India is among the top two fastest growing countries for Dell: Thomas Sweet

Varun Aggarwal/Thomas K Thomas Mumbai | Updated on July 29, 2019 Published on July 29, 2019

Thomas Sweet, Chief Financial Officer and Executive Vice-President, Dell Technologies   -  Paul Noronha

Since going public for the second time in December, Dell Technologies is seeing a healthy growth in margins. However, even as the global economic environment continues to be uncertain, India is turning out to be a beacon of hope for the technology giant.

In a conversation with BusinessLine, Thomas Sweet, Chief Financial Officer and Executive Vice-President, Dell Technologies, faster integration is a must for any large merger, including the one between Dell and EMC. He spoke about the challenges from the global economic slowdown, opportunities in India and the way forward for Dell as a listed entity.

How has going public again helped Dell position itself for the next phase of growth?

We needed to go private to sort of re-transform the company, we had some business model adjustments we needed to do. We needed to get the right focus, the company had become too cautious, too risk averse and so being private allowed us a bit more freedom to change the culture quickly and to get everybody focused on growth.

So fast forward now to the EMC transaction, we’ve spent the last 2 plus years integrating the two companies. We spent last year as you know working on the capital structure because a lot of what we did last year was how to realign economic and equity interest.

The operating principles of the company hasn't really changed. We want to grow faster than the market and faster than the competition, we want that growth to be profitable.

We are fortunate we have an ownership structure with Michael Dell who owns majority of the company that he’s focused on long term growth and value creation over the long term and so our focus on how to run the company post public transaction hasn't changed. We’re still focused on long term growth.

Being back in the public market you’re having the public inspection every 90 days. So we’re running the company the same way. You know the environment is a little different from a macro economic environment from what it was a year ago.

Also read: Dell closing in on $3-b revenue in India: CFO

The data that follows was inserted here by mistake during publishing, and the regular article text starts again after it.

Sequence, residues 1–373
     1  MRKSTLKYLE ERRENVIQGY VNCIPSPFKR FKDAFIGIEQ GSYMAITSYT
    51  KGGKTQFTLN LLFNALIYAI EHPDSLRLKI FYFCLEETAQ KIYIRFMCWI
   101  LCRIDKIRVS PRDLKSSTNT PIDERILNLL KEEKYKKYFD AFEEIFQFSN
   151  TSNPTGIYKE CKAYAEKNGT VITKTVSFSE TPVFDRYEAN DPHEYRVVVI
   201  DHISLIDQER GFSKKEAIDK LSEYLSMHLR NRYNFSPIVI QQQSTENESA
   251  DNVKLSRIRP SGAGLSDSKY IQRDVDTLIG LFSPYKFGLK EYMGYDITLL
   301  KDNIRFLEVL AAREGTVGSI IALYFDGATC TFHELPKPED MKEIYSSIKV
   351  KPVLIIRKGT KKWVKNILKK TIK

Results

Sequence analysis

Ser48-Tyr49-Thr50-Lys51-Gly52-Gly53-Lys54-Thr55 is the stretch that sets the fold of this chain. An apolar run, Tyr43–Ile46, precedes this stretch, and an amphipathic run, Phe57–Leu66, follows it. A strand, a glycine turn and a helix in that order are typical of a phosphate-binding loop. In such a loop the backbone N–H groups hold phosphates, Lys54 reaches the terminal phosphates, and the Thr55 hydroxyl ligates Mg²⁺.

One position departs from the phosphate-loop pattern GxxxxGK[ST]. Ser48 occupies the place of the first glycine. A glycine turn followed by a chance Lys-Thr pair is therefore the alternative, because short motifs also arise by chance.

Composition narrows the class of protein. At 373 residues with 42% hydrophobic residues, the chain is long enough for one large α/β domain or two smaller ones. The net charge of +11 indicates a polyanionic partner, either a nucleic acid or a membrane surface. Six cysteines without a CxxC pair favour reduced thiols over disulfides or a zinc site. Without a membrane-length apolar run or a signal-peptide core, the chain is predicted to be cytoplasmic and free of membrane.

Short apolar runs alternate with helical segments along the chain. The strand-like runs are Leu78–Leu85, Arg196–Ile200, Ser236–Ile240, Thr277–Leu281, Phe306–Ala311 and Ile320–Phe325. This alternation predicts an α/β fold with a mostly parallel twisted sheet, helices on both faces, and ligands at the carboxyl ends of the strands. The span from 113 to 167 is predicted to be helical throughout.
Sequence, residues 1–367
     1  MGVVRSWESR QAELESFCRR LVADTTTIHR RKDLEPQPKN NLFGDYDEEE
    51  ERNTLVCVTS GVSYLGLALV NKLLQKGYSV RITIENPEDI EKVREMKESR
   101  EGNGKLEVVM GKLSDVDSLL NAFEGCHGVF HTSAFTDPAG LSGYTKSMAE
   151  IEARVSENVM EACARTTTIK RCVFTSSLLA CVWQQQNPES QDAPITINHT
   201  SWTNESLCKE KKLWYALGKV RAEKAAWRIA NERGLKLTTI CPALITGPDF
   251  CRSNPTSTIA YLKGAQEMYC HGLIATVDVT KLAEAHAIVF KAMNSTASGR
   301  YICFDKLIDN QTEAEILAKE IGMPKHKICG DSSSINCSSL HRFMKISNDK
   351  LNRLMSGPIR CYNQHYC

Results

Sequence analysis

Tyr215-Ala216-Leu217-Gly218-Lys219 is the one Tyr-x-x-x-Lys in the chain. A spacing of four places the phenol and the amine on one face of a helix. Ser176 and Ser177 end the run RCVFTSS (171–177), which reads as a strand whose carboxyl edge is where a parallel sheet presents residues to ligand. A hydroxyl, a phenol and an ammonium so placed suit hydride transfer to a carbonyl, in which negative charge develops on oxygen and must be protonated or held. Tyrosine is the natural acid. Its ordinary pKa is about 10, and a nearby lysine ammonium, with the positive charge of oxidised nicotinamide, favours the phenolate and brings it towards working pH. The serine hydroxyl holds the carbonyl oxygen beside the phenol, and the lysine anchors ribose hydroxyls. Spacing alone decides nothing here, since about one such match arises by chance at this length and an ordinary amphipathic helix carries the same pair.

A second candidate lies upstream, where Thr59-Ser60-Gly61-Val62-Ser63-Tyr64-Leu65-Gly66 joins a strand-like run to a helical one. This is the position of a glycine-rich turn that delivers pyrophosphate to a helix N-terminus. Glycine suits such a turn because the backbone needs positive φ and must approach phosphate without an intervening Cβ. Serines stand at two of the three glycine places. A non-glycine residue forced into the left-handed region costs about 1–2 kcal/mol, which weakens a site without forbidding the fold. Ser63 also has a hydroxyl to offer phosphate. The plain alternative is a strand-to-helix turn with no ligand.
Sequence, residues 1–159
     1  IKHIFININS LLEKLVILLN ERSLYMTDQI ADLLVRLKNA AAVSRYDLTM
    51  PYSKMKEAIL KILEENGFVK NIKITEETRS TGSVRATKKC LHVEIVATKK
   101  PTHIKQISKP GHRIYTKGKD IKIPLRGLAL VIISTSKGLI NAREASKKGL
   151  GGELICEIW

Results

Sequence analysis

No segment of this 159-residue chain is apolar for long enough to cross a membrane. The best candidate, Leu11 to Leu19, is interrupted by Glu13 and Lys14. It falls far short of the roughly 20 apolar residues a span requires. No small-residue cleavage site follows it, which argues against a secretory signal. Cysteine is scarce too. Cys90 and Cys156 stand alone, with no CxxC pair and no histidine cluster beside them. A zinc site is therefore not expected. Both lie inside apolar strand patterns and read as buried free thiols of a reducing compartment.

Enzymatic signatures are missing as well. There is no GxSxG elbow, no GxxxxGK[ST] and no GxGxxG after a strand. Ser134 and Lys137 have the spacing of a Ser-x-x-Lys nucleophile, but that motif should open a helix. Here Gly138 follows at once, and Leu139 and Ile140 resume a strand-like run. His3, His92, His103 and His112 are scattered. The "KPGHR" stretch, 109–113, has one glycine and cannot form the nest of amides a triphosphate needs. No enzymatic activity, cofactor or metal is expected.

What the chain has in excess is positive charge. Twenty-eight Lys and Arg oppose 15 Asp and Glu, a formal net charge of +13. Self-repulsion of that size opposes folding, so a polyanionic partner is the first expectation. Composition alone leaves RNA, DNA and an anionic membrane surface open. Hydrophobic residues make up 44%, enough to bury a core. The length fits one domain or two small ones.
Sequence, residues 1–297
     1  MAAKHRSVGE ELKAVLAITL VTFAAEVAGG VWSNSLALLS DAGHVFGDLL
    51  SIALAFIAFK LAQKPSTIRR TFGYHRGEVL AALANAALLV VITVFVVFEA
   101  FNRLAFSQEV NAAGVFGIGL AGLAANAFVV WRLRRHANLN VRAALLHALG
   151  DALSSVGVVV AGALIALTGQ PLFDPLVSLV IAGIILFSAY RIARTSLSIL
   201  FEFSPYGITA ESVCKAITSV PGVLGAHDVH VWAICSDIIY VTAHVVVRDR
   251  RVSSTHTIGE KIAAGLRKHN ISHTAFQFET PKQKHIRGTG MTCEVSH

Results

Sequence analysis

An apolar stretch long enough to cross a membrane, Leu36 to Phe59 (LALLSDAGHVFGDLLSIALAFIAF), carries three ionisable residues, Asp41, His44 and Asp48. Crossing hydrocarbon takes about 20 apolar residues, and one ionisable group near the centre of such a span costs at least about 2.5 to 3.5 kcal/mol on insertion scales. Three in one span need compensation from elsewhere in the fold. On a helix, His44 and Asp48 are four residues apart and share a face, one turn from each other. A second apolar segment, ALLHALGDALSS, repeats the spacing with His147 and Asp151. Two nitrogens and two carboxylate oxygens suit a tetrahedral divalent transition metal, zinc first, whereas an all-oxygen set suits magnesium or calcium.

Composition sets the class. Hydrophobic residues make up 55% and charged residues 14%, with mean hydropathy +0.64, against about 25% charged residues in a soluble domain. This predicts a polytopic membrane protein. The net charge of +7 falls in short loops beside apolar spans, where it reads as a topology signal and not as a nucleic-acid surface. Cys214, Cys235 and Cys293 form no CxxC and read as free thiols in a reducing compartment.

So would the focus now become more on return on investments ?

Yes, I am looking for a return on investments that we made over the last number of years. We are continuing to invest though around our go-to-market coverage model, some of the solution-orientation you have heard us talk about. We’re investing now as we think about edge computing. There is an investment cycle that will have to happen there. We’ve made a number of investments in the last 24-30 months and we’re looking at what’s the payback cycle on that and are they hitting the business case they committed to at the time of the investment cycle.

You mentioned your overall revenues, touching $91billion. Where does India figure in the scheme of things?

India is actually our second fastest growing country right now. The economic cycle, the economic technology investment cycle that's going on here is pretty interesting. India and Japan are our fastest growing markets right now.

There has been a lot of the initiatives from the government around banking, the migration to a digital framework, driving an enormous amount of technology investment. The government's initiatives around infrastructure are all driving investment cycles. I think we're optimistic about the opportunity here. There's challenges, obviously, but, we're pretty interested in how we think this market evolves over the next few years.

Many US companies are looking to de-risk themselves from China and looking for various options to manufacture. Are you looking at shifting some of the manufacturing to India?